BMW is focusing on complexity reduction at the engineering and parts level, decoupling manufacturing scheduling (introduction of a ‘painted body buffer’ to assemble customer orders quickly, supporting late order amendments). This is supported by an integrated order and production information system that provides transparency and real time information across the supply chain.

Ford has undertaken to focus on the early stage of the process (variances de-proliferation, forecasting, responsive production), targeting inventory reduction. Ford’s goal is to create a real-time, web-based communication network between manufacturing, suppliers and customers.

The focus at VW is on continuous improvement of existing practices targeting delivery reliability through real-time IT and higher manufacturing flexibility – known as the ‘Breathing Factory Programme’.

While all the programmes are different, they have some common themes in addressing the whole supply chain by creating overall visibility, focusing on the endcustomer and replacing inventory with information. There are, however, two different overall strategies that seem to be being adopted.

Firstly, there is the approach directly addressing those areas that account for the major parts of the lead time, such as minimising the order bank and scheduling time. Here OEMs are looking at areas such as advanced forecasting techniques that generate highly specified orders close to market demand and thus facilitate the scheduling process and support the ‘locate-to-order’ ability. This is linked to enhanced Order Prioritisation and sophisticated constraints management to assure optimised degrees of freedom for the scheduling process.

Lead time reductions
Secondly, there is the strategy which looks to achieve lead time reductions through changes in product development and manufacturing. Here the focus is more on modularisation-driven product development and modular manufacturing to reduce the number of components in final assembly and thus enable more flexible scheduling and sequencing (given that there are fewer supplier constraints). This enables improved responsiveness of manufacturing, which in turn enables an accelerated flow of the order through scheduling and sequencing (having removed constraints)

At the same time that these planning changes are undertaken, automotive companies are also having to manage the changing product size. Cars are expanding as new vehicles get wider and longer to meet the increased NCAP test with, for example, side impact bars. However, while these issues affect logistics, of greater importance is the increase in vehicle heights. For example, a Ford Escort in 1986 was 1.35m high, today a Ford Focus is 1.48m high. This is pushing car transporters to replace or transform their trailers as they often can not handle the increased height with the same load factors.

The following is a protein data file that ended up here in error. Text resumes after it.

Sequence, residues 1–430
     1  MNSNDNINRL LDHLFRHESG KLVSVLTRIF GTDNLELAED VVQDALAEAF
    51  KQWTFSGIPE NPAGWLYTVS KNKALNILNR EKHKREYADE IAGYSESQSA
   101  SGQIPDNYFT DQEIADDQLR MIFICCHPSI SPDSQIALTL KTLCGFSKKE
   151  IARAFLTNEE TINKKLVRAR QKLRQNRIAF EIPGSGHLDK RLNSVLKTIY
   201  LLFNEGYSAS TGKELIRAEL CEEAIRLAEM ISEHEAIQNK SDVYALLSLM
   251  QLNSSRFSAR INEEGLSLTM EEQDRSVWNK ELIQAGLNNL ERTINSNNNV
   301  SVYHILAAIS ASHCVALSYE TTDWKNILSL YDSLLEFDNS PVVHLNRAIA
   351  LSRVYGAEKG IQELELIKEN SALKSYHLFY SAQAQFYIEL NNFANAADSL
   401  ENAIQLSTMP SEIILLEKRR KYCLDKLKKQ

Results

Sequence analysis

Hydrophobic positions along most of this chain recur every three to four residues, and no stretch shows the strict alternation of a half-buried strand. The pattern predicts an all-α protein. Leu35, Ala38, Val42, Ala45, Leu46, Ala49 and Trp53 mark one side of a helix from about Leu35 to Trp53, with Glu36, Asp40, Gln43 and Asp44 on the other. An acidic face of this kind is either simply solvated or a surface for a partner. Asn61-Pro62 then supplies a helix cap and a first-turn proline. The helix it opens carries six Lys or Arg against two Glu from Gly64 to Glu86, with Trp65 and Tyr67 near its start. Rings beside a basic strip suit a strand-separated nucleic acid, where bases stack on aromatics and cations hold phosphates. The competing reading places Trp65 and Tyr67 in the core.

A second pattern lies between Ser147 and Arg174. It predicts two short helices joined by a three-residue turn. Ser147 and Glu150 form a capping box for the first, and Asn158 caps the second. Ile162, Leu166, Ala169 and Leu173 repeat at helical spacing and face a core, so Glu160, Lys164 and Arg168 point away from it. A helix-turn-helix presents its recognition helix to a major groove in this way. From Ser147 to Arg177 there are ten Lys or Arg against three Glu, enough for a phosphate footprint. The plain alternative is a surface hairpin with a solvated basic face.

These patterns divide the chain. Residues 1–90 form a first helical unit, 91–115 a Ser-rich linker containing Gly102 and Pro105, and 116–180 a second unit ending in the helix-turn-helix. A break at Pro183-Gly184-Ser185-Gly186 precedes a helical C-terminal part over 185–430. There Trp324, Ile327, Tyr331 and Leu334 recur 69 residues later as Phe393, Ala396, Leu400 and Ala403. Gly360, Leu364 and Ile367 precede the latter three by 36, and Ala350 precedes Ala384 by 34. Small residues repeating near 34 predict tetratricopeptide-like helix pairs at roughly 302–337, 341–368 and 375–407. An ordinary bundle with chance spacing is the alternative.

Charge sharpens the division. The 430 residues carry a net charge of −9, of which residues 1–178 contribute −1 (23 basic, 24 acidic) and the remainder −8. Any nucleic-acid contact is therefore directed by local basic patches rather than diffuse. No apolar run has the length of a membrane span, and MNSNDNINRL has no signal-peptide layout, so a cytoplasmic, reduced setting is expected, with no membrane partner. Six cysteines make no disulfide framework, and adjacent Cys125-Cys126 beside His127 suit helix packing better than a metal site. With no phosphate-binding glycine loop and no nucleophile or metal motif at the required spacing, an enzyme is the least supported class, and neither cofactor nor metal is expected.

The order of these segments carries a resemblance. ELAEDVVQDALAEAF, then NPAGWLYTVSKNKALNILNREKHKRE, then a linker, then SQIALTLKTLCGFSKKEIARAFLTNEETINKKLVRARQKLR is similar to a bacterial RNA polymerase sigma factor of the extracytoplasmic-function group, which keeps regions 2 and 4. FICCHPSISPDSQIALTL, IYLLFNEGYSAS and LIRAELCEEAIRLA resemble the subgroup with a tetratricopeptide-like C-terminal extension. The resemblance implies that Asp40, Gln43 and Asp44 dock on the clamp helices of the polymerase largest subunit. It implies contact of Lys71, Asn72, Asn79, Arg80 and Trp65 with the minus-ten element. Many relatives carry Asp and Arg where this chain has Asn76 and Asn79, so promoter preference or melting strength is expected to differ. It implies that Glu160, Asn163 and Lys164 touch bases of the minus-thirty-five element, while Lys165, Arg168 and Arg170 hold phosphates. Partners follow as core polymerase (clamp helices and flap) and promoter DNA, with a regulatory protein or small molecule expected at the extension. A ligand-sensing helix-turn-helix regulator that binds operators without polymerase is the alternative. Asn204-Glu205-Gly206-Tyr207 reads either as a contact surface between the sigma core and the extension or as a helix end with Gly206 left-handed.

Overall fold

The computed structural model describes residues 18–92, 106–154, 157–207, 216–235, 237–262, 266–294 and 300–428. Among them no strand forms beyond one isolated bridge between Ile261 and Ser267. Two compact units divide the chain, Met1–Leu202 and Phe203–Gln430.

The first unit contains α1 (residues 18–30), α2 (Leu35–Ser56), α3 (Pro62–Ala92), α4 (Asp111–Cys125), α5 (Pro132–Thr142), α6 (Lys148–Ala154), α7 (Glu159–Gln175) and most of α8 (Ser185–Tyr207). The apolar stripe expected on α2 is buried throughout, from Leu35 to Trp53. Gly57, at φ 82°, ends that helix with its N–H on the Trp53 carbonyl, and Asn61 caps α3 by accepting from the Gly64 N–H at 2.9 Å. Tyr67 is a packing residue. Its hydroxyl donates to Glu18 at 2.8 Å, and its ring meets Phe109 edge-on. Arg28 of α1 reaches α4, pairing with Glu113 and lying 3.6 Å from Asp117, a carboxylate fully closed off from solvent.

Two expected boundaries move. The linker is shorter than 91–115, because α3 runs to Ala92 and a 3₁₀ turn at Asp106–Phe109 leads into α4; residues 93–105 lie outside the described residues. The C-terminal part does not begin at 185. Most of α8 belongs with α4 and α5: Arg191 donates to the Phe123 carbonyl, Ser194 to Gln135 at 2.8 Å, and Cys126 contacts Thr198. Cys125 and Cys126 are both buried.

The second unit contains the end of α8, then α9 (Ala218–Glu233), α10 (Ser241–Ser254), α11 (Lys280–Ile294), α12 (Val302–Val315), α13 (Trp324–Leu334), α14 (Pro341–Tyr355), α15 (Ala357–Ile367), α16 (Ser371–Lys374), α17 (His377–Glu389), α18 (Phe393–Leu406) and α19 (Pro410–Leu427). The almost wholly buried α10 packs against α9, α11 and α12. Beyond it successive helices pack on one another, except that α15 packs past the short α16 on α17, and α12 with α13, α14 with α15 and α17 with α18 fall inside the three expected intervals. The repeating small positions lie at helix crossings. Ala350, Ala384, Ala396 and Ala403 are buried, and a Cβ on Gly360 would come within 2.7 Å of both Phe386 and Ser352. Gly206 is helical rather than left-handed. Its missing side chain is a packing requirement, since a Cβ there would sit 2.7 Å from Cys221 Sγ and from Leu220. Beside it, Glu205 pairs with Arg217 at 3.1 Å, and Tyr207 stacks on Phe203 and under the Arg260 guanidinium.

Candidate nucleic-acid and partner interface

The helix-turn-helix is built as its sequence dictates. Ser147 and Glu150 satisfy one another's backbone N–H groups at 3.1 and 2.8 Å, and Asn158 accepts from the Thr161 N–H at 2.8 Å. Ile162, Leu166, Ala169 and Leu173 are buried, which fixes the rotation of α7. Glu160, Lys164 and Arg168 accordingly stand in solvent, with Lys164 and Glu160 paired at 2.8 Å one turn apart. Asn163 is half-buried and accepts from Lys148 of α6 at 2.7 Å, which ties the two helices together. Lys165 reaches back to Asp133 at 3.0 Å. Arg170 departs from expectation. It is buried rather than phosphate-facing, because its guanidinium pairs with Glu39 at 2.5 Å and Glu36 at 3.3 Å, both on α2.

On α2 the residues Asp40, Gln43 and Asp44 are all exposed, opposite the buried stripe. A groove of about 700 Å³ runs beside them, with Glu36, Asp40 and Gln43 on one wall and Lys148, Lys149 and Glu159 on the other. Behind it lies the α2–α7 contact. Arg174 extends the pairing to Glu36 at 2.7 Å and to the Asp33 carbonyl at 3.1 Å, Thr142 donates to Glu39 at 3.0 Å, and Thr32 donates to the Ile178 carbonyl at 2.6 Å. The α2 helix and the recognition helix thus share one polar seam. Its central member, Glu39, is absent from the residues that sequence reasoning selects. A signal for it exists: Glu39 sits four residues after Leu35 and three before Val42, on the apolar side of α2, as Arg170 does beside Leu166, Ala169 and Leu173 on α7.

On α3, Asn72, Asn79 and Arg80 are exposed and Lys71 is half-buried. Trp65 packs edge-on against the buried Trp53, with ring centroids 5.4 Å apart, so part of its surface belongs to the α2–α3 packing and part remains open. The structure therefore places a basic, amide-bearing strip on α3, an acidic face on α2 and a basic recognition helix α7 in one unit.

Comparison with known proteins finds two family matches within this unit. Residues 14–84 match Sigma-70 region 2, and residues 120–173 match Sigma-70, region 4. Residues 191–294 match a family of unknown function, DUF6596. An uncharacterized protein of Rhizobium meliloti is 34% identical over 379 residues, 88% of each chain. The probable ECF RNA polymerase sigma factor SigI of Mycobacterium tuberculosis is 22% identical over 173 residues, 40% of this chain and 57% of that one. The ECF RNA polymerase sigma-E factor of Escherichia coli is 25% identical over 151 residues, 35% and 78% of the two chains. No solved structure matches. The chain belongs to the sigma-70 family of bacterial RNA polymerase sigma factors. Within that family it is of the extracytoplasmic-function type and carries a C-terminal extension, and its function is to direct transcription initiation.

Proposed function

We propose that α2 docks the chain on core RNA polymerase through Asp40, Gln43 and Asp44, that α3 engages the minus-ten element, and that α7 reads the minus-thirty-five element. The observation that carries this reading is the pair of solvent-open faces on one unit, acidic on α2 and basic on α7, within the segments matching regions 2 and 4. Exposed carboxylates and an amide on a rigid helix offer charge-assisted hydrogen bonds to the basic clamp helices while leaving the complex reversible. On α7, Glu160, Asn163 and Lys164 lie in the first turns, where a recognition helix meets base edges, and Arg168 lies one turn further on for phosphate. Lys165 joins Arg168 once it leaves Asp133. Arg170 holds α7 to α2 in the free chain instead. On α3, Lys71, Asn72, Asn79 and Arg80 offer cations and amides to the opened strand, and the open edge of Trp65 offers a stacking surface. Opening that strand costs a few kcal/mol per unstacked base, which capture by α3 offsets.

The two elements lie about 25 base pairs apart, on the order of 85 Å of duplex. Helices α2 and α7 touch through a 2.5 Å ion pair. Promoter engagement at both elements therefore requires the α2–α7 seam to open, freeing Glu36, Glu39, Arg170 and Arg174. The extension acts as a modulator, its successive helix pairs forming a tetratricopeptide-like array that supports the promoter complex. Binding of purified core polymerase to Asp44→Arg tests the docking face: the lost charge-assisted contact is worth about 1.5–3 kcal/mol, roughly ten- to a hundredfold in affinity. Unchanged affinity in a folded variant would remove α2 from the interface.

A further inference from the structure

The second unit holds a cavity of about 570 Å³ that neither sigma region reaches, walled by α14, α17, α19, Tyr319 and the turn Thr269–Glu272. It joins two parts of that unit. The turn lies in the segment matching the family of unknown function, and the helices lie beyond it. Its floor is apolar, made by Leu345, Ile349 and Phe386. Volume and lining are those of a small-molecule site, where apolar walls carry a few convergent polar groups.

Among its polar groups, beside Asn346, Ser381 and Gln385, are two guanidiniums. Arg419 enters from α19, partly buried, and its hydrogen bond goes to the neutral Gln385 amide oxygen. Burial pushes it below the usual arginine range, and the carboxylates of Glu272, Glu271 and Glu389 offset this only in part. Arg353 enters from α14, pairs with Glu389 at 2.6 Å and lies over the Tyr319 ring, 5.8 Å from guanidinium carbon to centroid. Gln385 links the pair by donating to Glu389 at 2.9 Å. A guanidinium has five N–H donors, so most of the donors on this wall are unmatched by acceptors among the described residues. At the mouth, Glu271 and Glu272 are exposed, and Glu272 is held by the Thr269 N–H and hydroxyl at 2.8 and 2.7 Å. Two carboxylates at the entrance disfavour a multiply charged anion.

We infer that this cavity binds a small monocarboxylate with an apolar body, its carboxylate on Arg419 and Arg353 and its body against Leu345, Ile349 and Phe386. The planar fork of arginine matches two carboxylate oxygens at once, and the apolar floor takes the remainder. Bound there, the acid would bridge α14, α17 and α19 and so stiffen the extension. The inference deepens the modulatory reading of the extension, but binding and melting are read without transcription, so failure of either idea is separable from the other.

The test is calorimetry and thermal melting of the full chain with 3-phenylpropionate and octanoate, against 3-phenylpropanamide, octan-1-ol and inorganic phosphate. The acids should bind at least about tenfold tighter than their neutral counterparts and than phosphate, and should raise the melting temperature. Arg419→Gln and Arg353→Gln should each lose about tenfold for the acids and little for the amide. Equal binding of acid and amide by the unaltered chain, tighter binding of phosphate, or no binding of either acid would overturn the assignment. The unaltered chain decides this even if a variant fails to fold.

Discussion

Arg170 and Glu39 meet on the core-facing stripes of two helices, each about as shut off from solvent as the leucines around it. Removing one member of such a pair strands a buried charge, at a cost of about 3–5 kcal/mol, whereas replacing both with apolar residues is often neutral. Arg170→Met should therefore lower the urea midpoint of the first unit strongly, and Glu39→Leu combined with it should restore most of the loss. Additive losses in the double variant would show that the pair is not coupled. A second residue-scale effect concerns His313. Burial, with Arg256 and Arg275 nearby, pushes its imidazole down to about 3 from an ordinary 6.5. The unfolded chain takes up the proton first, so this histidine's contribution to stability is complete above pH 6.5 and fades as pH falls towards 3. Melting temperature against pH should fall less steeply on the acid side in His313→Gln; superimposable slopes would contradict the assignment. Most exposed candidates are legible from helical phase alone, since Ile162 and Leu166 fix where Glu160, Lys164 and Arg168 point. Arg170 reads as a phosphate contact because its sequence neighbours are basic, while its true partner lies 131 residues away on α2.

Against the backdrop of a continued focus on costs, logistics service suppliers will find their margins under further pressure. In a recent survey of the key success factors, price scored 10 out of 10. Other factors, such as service levels scored highly but against the backdrop of consolidation among the OEMs and the relatively low score for the scale of suppliers, this suggests difficulty for suppliers to maintain market share and profitability. There are, however, a number of opportunities open to suppliers:

For new vehicles, personalisation services at compounds instead of dealer premise (dealer resistance to be managed). This may be linked to the potential to reorganise the compound structure with a European versus national footprint. Further, maximising volumes between large regional compounds would also create opportunities for the use of block trains.

Refurbishment and repair services to rental and leasing companies

Operating rail for long distance and high volumes as long as prices and services are competitive – OEMs expect that liberalisation will improve the service quality of rail

Additional flows of high volume parts to support the new Eastern European plants

Small value-added activities such as consolidation, sequencing or even small manufacturing processes due to the complexity of the inbound flows.

In summary, the automotive industry is undergoing major logistics challenges as it looks to move to reduce costs through using lower cost Eastern countries for both component supply and production. Add in the challenges of the increased product complexity and the desire for more make-to-order and the industry will be an interesting place for logistics in the coming years.

Charles Davis is a partner at AT Kearney and looks after Supply Chain. He has extensive supply chain experience across a range of industries and has recently been working in Eastern Europe helping factories to improve their performance. You can contact him at charles.davis@atkearney.com